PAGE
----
Microsoft Coco Framework Promises Speedy Blockchain Service

CloudCloud Management

Open source framework to help firms handling thousands of transactions per second in a secure manner

Microsoft has launched the ultrafast Coco Framework as it seeks to drive the uptake of Blockchain in enterprise networks.

Coco is being touted to organisations that require more than 1,600 transactions per second and Microsoft also said that it will launch the framework on GitHub in 2018 as an open source project.

AzureCoco Framework

Microsoft’s announcement comes amid heightened interest in Blockchain from businesses who until now may have been put off by its challenges, such as throughput, latency, governance and confidentiality.

To ease such concerns, Microsoft is pitching Coco as easier to use than other Blockchain products and is targeting a number of industries including financial services, supply chain and logistics, healthcare and retail.

Indeed, JP Morgan Chase, Intel and R3 (database specialists) have agreed to start using the  framework in conjunction with their own blockchain ledger platforms.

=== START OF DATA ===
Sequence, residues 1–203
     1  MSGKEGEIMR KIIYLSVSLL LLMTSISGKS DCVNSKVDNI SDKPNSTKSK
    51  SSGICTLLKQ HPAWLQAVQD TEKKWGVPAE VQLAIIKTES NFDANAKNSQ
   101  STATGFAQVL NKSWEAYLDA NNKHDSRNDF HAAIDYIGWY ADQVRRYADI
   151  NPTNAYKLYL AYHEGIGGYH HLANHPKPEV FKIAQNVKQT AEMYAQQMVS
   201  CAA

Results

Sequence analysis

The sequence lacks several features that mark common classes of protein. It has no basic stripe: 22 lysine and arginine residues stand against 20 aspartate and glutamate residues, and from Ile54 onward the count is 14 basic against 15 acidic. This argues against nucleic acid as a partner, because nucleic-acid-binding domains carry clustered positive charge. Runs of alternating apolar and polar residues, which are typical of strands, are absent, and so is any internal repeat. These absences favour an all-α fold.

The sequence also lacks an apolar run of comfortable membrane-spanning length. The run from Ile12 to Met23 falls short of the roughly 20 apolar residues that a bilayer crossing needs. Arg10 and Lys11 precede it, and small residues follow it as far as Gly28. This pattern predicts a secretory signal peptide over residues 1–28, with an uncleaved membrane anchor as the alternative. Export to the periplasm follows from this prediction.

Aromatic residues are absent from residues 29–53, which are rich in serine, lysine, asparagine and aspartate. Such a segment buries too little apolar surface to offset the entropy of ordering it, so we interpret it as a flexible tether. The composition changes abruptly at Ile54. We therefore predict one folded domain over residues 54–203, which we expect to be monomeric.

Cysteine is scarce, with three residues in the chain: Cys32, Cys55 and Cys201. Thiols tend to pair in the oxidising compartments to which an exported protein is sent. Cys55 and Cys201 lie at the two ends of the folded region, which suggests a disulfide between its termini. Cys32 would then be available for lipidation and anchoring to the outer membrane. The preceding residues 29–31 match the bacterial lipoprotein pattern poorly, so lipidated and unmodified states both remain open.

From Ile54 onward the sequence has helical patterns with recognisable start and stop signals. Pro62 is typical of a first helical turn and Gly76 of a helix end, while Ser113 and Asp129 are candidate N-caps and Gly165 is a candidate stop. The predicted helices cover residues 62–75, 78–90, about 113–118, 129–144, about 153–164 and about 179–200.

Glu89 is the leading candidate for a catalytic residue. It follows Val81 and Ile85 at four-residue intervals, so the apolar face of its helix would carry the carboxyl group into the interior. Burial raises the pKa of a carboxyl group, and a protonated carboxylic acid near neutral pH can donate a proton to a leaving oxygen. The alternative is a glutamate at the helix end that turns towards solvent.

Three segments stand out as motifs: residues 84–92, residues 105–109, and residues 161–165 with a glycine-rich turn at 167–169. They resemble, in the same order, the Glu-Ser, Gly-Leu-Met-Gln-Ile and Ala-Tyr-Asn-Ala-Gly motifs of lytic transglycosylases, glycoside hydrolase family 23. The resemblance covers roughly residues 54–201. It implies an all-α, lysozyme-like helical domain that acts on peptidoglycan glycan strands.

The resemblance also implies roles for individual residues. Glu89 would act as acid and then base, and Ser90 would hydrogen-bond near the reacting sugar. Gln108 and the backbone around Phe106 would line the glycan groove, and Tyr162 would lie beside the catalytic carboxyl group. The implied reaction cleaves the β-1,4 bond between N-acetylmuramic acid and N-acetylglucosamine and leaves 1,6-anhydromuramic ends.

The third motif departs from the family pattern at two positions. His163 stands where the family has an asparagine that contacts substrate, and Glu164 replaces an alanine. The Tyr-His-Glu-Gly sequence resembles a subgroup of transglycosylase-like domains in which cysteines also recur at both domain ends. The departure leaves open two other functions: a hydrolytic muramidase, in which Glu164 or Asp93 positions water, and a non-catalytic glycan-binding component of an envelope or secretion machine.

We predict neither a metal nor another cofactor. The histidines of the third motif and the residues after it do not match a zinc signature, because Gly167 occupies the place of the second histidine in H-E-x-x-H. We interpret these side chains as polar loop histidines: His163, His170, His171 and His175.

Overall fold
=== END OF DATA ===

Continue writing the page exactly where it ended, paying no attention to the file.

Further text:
“Blockchain is a transformational technology with the ability to significantly reduce the friction of doing business,” said Mark Russinovich, Chief Technology Officer of Azure at Microsoft.

“Microsoft is committed to bringing blockchain to the enterprise. We have listened to the needs of our customers and the blockchain community and are bringing foundational functionality with the Coco Framework. Through an innovative combination of advanced algorithms and trusted execution environments, like Intel’s Software Guard Extensions or Windows Virtual Secure Mode, we believe this takes the next step toward making blockchain ready for business.”

It is worth noting that the Coco Framework also sits on Azure, and it is compatible with any ledger protocol and can operate in the cloud and on-premise, on any operating system and hypervisor that supports a compatible trusted execution environment.

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Blockchain Drive

Last year Microsoft revealed that the cloud was the best way to use the technology and it was working on an ecosystem to support it, namely Project Bletchley.

Microsoft had thrown its weight behind Blockchain technology in early 2016. Blockchain of course is best known as the system supporting Bitcoin.

This is because a blockchain is distributed database that can store complete transaction history of all types of records. This is potentially of interest to businesses, as well as those organisations involved in banking and finance circles.

Microsoft launched Microsoft Azure Blockchain as a Service (BaaS) in November 2015 and since then has been steadily working to bring blockchain to both governments and enterprises.

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Author: Tom Jowitt
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